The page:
Syria: Military officials warned Cameron against 70,000 ground troops figure


Anti-Daesh rebel journalist group opposes airstrikes

SENIOR military officials warned Prime Minister David Cameron in advance against using the figure of 70,000 local Syrian fighters capable of carrying out a ground campaign against Daesh (Islamic State) to augment a British bombing campaign, it has been revealed.

The figure was included in a 36-page dossier published before the debate in the House of Commons which saw parliament vote for airstrikes in Syria on Wednesday (2 December). The dossier claimed the fighters were capable of “retaking and holding Isil [Daesh] territory”.

The Times spoke to senior Whitehall and military personnel who said they expressed concern to the Conservative prime minister that the figure could be an overestimate of the numbers of ‘moderate’ fighters prepared to combat Daesh, and that a figure so precise could come back to haunt him.

Officials told Cameron that the figure could become his “dodgy dossier”; a reference to the document held up as evidence of Saddam Hussein’s weapons of mass destruction capacities before the Iraq war in 2003. The document was found to be based on little evidence after Iraq was invaded and no chemical or biological weapons or infrastructure was found.

During the more than 10 hour debate in the Commons on Wednesday, Conservative MP for New Forest East Julian Lewis spoke against airstrikes in Syria, and said that Cameron had exchanged a dodgy dossier for “bogus battalions”.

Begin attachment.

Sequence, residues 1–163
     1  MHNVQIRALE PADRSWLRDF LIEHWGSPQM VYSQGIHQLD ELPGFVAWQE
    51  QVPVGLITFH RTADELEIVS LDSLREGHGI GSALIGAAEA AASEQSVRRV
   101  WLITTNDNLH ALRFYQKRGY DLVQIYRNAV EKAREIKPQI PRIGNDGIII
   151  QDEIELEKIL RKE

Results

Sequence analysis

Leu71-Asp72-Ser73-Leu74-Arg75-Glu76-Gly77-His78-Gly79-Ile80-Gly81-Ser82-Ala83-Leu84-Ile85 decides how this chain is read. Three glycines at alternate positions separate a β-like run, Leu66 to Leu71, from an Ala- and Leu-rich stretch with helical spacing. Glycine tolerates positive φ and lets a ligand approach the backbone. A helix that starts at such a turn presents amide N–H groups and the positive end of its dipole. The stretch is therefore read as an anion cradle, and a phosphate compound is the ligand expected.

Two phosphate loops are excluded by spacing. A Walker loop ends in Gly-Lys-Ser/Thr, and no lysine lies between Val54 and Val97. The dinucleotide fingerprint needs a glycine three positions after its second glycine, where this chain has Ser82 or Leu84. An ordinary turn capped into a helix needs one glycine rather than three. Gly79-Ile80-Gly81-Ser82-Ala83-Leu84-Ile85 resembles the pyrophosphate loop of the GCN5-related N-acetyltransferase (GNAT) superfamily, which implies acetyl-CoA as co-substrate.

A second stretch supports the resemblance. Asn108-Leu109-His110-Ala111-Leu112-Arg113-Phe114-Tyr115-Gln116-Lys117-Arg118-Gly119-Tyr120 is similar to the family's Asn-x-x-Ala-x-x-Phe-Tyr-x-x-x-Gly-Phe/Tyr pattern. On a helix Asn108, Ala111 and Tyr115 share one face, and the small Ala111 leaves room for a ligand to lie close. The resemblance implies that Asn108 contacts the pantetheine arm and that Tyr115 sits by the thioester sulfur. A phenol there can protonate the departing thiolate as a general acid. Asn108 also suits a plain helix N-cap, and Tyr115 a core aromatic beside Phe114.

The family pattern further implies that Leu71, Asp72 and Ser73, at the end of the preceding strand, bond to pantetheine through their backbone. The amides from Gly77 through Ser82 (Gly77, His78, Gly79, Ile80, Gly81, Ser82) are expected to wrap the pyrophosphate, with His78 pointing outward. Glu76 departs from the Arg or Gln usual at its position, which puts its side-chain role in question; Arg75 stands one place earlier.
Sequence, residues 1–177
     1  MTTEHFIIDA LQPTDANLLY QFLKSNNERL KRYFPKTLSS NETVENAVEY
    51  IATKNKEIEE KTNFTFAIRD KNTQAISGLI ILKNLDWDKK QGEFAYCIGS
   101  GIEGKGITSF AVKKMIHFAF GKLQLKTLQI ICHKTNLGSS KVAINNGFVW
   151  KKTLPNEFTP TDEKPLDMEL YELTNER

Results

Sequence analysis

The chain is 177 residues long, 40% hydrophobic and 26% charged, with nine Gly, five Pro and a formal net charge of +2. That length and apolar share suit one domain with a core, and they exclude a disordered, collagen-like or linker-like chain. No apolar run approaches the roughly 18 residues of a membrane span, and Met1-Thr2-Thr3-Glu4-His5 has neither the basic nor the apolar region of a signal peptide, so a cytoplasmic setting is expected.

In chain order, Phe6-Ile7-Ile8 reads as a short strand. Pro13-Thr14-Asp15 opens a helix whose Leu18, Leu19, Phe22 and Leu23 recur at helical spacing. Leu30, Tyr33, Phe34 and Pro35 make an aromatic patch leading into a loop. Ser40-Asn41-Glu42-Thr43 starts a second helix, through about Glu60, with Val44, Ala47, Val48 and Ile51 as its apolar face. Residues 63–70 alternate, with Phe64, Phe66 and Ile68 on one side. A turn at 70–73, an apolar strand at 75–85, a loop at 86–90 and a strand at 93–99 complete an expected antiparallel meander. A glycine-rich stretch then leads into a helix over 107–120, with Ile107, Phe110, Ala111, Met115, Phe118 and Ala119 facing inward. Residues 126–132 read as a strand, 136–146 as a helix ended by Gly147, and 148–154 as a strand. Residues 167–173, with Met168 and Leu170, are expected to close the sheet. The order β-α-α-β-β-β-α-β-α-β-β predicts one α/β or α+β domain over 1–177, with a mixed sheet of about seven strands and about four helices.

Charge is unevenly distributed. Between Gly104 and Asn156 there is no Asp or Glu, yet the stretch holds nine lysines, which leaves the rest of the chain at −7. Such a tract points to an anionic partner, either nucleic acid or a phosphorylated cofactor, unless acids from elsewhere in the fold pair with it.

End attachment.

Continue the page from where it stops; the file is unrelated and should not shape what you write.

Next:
He said: “Mr speaker, instead of dodgy dossiers we now have bogus battalions of moderate fighters.”

Lewis went on to argue that there was no moderate force capable of controlling the country.

He said:”Our government, however, is in denial about this.”

The news comes after a statement made on Twitter by the ‘Raqqa is Being Slaughtered Silently’ campaigning journalist group that it does not support UK bombing against Islamic State targets in Syria.

The group of clandestine journalists based in Daesh areas in western Syria, who routinely leak information about Daesh atrocities to the outside world, said in a tweet: “We are against the UK strikes on Raqqa. All the world is bombing Raqqa, UK will not make any change in the situation.”

They also said that civilians were at risk from bombing raids targeting Daesh.

Commenting on the remarks from senior military officials, a Downing Street spokesperson told the Telegraph :”The Ministry of Defence did not raise concerns with No 10 on whether this figure should be included in the prime minister’s response to the foreign affairs committee.”

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Picture courtesy of Freedom House